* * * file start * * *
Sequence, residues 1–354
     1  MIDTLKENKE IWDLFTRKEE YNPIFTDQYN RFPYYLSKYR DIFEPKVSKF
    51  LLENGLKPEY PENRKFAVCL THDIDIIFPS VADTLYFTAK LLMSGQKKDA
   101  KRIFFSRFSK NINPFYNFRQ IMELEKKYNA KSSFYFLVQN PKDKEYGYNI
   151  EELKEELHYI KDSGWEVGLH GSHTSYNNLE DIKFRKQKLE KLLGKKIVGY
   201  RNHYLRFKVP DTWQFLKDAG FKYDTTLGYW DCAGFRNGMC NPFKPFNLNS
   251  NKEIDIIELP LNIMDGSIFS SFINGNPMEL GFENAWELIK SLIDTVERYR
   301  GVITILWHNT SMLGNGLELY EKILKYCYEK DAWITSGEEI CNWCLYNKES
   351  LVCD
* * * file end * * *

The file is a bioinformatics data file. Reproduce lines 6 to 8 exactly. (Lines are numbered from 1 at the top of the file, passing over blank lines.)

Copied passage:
   201  RNHYLRFKVP DTWQFLKDAG FKYDTTLGYW DCAGFRNGMC NPFKPFNLNS
   251  NKEIDIIELP LNIMDGSIFS SFINGNPMEL GFENAWELIK SLIDTVERYR
   301  GVITILWHNT SMLGNGLELY EKILKYCYEK DAWITSGEEI CNWCLYNKES